Part of what fuels the current whiskey boom is consumer thirst for new flavors. This is why we’ve seen a rise in different mash bills, blends and barrel finishes. And as the category expands, bringing in new drinkers, some companies have begun experimenting with unusual ingredients in their whiskeys to vary the flavors.
While this remains a smaller trend, it’s worth noting as part of the increasing variety that currently defines the category. Here are three brands that have used interesting ingredients to help expand their lines while differentiating their products.
From the world of craft spirits comes this rye whiskey that contains farm-fresh honey. Proprietor Claire Marin began beekeeping 15 years ago. Her honey (and maple) business now supplies hundreds of restaurants throughout New York.
Looking to get into spirits, she saw a craft honey whiskey as a natural way to stand out. She experimented with bourbon, but found rye to be better when blended with honey. Getting the honey in is the easy part — filtering it out is trickier. And Marin did not want to chill filter because she feared losing too much flavor from the key ingredient.
So bottles of NY Honey Rye Whiskey will have honey sediment swirling around their bottoms. Marin uses a micro filter, making the flavoring process more of an infusion. An estimated 90% of the honey leaves the liquid during this 72-hour production step. “The last thing I wanted to do was make something that was just sweet, just honey,” Marin says. “This is still a whiskey. The honey just cuts enough of that rye ruggedness to make the spirit overall more pleasant.”
“I wanted to give ‘honey’ a better name, because the flavor has become so overused” she adds. “I did not want to be too honey-forward. I aimed for somewhere between Jack Honey and honey-forward.”
The rye she uses is around 2.5 years old, though Marin has more that’s aging for 4, 5 and 6 years for future honey products. “It’s an exciting time, because craft distilling has brought experimentation and the individuality of products to the forefront,” she says.
Whiskey and spicy food are both staples of southern food and drink, so the team at George Dickel decided to combine the two. Last May the brand launched George Dickel Tabasco Brand Barrel Finish, in partnership with McIlhenny Co.’s Tabasco Brand Pepper Sauce.
This crossover product taps into a number of trends. One is the explosion in popularity of cinnamon whiskeys. “We wanted to create a spicy, peppery shot with a smooth finish,” explains Nicole Austin, George Dickel general manager and distiller.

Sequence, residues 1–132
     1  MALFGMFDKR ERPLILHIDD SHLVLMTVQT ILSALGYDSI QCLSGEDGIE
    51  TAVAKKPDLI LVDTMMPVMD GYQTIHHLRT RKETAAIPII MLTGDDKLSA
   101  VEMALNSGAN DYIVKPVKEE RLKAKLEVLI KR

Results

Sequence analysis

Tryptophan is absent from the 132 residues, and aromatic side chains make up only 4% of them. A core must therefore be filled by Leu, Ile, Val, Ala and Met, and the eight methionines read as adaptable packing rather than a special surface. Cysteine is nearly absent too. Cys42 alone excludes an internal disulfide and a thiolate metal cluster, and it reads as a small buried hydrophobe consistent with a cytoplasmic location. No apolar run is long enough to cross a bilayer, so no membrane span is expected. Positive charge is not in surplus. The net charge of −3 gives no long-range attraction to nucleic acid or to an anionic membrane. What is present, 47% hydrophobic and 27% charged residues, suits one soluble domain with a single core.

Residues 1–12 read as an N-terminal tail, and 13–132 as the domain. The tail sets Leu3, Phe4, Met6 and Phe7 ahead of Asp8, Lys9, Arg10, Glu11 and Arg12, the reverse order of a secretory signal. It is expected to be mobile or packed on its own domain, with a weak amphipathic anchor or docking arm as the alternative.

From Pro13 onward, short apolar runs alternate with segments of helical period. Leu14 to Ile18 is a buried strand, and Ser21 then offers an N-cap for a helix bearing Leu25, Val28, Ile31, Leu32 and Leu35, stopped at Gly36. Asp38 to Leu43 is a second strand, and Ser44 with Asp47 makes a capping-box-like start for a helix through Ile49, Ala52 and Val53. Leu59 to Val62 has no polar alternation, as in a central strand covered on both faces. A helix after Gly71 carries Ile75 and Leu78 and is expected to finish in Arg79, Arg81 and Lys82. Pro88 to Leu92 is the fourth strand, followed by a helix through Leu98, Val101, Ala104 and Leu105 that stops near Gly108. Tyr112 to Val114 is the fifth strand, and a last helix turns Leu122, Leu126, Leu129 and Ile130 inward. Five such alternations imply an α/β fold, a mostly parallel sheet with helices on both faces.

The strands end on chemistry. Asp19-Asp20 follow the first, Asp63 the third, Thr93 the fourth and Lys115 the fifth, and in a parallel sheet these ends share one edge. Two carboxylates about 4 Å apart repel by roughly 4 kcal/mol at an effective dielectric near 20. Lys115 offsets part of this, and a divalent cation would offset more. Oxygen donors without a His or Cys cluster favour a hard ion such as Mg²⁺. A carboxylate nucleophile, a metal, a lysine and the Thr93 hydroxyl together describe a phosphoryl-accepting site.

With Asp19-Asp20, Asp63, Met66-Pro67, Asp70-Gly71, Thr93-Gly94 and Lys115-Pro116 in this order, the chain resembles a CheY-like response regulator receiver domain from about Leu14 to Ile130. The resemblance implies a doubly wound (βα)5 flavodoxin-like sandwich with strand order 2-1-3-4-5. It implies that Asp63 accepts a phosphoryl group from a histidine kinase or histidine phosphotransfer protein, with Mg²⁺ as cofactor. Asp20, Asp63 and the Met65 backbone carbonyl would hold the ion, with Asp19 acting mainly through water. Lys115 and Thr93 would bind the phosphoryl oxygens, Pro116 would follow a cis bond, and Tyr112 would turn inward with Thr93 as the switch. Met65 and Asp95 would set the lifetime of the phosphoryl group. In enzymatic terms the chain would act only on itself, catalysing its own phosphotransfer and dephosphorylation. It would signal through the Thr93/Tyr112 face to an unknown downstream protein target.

Autsin also pointed to consumers’ love of what’s hot — literally. “The American palate is desiring spicy and we’re seeing that in the rise of Sriracha and spicy margaritas,” she said.
Marrying whiskey with hot sauce is no simple task. First, George Dickel takes barrels from McIlhenny Company used in aging the company’s pepper mash. The whiskey then rests in the barrels for approximately 30 days, allowing the spice and flavor imparted on the wood to deliver a spicy mouthfeel and finish. Afterwards, Tabasco Brand Pepper Sauce is distilled to create an essence, which is blended into George Dickel Tennessee Whisky with a hint of cane syrup for “that perfect balance of spicy and sweet,” Autsin explains.
Does the brand foresee more mashups with whiskey and hot sauce? “We’re concentrating on Tabasco Brand Barrel Finish right now and will evaluate the desire for additional flavored variants in the future,” Austin says.
This brand is already known as a lighter-style whiskey, more approachable. So it was no surprise when they announced a new rye in 2017 that balanced the grain’s spice with a smoother sweetness. How Basil Hayden’s accomplished this, however, was unexpected.
Basil Hayden’s Dark Rye contains a touch of California port wine. This “delivers notes of sweetness and a deep ruby color to the whiskey, rounding out the traditional spiciness of the Kentucky straight rye whiskey and the soft presence of the Canadian rye,” explains Adam Harris, Beam Suntory American whiskey ambassador.
Part of the thought-process behind launching such a unique recipe was creating additional variety. “We’ve seen significant consumer appetite for unique rye offerings and distinctive taste profiles across the American whiskey market,” says Harris.
Basil Hayden’s Dark Rye is a permanent addition to the brand’s lineup. For other examples of the company’s creativity, Harris points to the limited-edition release of Basil Hayden’s Two by Two Rye: a blend of two Kentucky straight ryes and two Kentucky straight bourbons.
Variety and unique flavors will continue to drive growth in American whiskey, so look for more recipes with unique ingredients like those three above.
Kyle Swartz is editor of Beverage Dynamics magazine. Reach him at firstname.lastname@example.org or on Twitter @kswartzz or Instagram @cheers_magazine. Read his recent piece Interview: Woodford Reserve’s Chris Morris and Elizabeth McCall on Wheat Whiskey, Mint Juleps and More.
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